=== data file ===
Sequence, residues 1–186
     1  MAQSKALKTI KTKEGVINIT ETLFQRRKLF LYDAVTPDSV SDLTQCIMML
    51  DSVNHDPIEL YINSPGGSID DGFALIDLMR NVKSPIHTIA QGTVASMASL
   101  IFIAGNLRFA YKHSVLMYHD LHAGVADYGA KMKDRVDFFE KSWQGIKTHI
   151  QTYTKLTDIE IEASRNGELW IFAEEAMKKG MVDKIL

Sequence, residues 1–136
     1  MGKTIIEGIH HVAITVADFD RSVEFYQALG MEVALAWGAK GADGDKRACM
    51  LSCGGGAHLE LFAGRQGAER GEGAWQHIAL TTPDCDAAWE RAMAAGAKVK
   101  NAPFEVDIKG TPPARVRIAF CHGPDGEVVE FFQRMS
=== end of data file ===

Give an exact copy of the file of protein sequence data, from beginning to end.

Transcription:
Sequence, residues 1–186
     1  MAQSKALKTI KTKEGVINIT ETLFQRRKLF LYDAVTPDSV SDLTQCIMML
    51  DSVNHDPIEL YINSPGGSID DGFALIDLMR NVKSPIHTIA QGTVASMASL
   101  IFIAGNLRFA YKHSVLMYHD LHAGVADYGA KMKDRVDFFE KSWQGIKTHI
   151  QTYTKLTDIE IEASRNGELW IFAEEAMKKG MVDKIL

Sequence, residues 1–136
     1  MGKTIIEGIH HVAITVADFD RSVEFYQALG MEVALAWGAK GADGDKRACM
    51  LSCGGGAHLE LFAGRQGAER GEGAWQHIAL TTPDCDAAWE RAMAAGAKVK
   101  NAPFEVDIKG TPPARVRIAF CHGPDGEVVE FFQRMS